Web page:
'As the market has turned': Enveda secures $68M to move revised pipeline into the clinic in 2023
Enveda Biosciences will enter the clinic next year with at least one of its three main programs thanks to a $68 million boost in financing — about $55 million via equity and the remainder debt.
Founded by an early employee at AI startup Recursion Pharmaceuticals, Enveda has adjusted its priorities since disclosing a $51 million Series A in June 2021. At the time, CEO Viswa Colluru told Endpoints News the three core areas were Wilson disease, NASH and Parkinson’s.
Now, three relatively new programs are progressing in tandem, Colluru told Endpoints in a preview of the Series B, which was announced Wednesday but closed a few months ago. On deck are molecules that modulate the inflammasome pathway; non-opioid oral and topical analgesics for pain and itch; and a program going after neutrophil and immune cell biology to potentially treat fibrotic indications, the CEO said.
“The assets that we had early on were largely in an environment where we were willing to take on multiple different kinds of risks — so biological risk, feasibility risk with large and complex diseases, as well as ultimately commercial risk,” Colluru explained. “I think as the market has turned, what we’ve done at Enveda is to ask, ‘OK, can we use our differentiated chemistry and the broadly applicable biological pathways that they actually help us hit to move toward indications that have greater optionality?'”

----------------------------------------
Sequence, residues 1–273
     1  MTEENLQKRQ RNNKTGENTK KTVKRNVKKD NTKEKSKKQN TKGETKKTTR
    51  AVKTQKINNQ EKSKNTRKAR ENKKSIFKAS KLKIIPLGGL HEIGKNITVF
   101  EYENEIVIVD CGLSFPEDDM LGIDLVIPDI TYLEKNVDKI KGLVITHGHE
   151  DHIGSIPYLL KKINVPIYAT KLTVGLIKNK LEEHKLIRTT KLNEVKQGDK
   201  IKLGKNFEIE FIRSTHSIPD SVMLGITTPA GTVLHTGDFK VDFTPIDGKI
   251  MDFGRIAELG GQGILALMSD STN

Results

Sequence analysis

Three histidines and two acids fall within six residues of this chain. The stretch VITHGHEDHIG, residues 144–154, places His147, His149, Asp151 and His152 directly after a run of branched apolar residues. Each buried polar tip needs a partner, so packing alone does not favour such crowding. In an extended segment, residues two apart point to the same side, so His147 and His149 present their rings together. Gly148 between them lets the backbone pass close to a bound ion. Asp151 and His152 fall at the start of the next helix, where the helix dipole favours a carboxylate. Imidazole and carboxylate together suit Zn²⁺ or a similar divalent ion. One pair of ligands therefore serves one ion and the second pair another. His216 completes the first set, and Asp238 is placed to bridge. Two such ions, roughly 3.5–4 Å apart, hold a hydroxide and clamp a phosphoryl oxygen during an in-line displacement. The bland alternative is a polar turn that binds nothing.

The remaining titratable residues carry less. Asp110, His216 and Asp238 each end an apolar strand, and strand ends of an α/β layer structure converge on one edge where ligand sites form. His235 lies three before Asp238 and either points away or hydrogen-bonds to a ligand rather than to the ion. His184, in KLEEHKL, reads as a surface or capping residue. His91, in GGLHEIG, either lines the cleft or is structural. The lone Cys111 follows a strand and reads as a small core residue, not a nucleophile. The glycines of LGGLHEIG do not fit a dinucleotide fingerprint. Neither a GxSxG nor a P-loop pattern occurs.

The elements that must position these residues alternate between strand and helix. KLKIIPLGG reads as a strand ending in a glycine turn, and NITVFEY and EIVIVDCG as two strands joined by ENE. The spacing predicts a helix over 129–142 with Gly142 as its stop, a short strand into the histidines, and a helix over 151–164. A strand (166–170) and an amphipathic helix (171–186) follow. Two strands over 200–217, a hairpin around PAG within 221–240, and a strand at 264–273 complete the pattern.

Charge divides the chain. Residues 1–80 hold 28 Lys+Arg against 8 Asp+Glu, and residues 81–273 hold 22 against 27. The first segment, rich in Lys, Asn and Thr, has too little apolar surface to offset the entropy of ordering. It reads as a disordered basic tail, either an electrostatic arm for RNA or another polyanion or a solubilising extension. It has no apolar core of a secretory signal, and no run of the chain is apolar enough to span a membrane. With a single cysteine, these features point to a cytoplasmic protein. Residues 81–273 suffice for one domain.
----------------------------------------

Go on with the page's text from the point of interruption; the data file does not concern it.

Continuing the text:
Expect the first in-human study late next year or early 2024, he said: “We’re going to push all of our programs in parallel.”
“The industry is typically starting with genomically-discovered targets and then employing an arsenal of purified synthetic compounds,” Colluru said. “On the other hand, we get to play in completely different chemical spaces. We start with pools of diverse natural compounds from, you know, hundreds of medicinal plants that have a deep history of human use.”
Those chemistries are “not in anyone else’s libraries,” he continued. The popular area of protein degradation is on the biotech’s radar, as is the relatively newer offshoot of protein stabilization.
Enveda is far from the only startup touting the use of machine learning in discovering new drugs. Schrödinger is entering the clinic with its first in-house asset; BenevolentAI is helping AstraZeneca find fibrotic and kidney disease targets; Sanofi is in the arena with Exscientia and Atomwise; and the list goes on, including Colluru’s former employer.
In recent months, Colluru’s 170-employee startup expanded its executive team. Former Pear Therapeutics and Cullgen EVP Mark Deeg joined as chief medical officer in October, and Vanitha Sekar jumped from Gilead to become chief business officer.